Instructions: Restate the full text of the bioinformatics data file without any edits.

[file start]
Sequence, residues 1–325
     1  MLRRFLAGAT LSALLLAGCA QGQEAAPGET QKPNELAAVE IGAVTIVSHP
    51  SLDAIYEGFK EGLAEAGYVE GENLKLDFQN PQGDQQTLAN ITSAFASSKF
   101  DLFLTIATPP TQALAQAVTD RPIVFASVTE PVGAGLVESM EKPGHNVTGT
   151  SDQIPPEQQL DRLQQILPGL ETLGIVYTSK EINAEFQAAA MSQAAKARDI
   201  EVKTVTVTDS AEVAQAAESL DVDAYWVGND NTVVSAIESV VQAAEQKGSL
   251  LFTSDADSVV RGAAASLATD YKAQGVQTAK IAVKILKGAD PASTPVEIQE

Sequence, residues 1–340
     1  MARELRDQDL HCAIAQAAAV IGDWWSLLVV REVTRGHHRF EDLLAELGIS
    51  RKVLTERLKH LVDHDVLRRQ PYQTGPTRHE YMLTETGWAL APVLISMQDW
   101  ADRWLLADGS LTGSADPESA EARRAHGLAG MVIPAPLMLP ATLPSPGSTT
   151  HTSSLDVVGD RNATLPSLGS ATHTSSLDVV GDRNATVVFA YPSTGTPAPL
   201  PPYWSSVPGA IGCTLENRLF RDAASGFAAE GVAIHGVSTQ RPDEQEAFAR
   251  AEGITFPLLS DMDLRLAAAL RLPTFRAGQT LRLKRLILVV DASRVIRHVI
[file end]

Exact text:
Sequence, residues 1–325
     1  MLRRFLAGAT LSALLLAGCA QGQEAAPGET QKPNELAAVE IGAVTIVSHP
    51  SLDAIYEGFK EGLAEAGYVE GENLKLDFQN PQGDQQTLAN ITSAFASSKF
   101  DLFLTIATPP TQALAQAVTD RPIVFASVTE PVGAGLVESM EKPGHNVTGT
   151  SDQIPPEQQL DRLQQILPGL ETLGIVYTSK EINAEFQAAA MSQAAKARDI
   201  EVKTVTVTDS AEVAQAAESL DVDAYWVGND NTVVSAIESV VQAAEQKGSL
   251  LFTSDADSVV RGAAASLATD YKAQGVQTAK IAVKILKGAD PASTPVEIQE

Sequence, residues 1–340
     1  MARELRDQDL HCAIAQAAAV IGDWWSLLVV REVTRGHHRF EDLLAELGIS
    51  RKVLTERLKH LVDHDVLRRQ PYQTGPTRHE YMLTETGWAL APVLISMQDW
   101  ADRWLLADGS LTGSADPESA EARRAHGLAG MVIPAPLMLP ATLPSPGSTT
   151  HTSSLDVVGD RNATLPSLGS ATHTSSLDVV GDRNATVVFA YPSTGTPAPL
   201  PPYWSSVPGA IGCTLENRLF RDAASGFAAE GVAIHGVSTQ RPDEQEAFAR
   251  AEGITFPLLS DMDLRLAAAL RLPTFRAGQT LRLKRLILVV DASRVIRHVI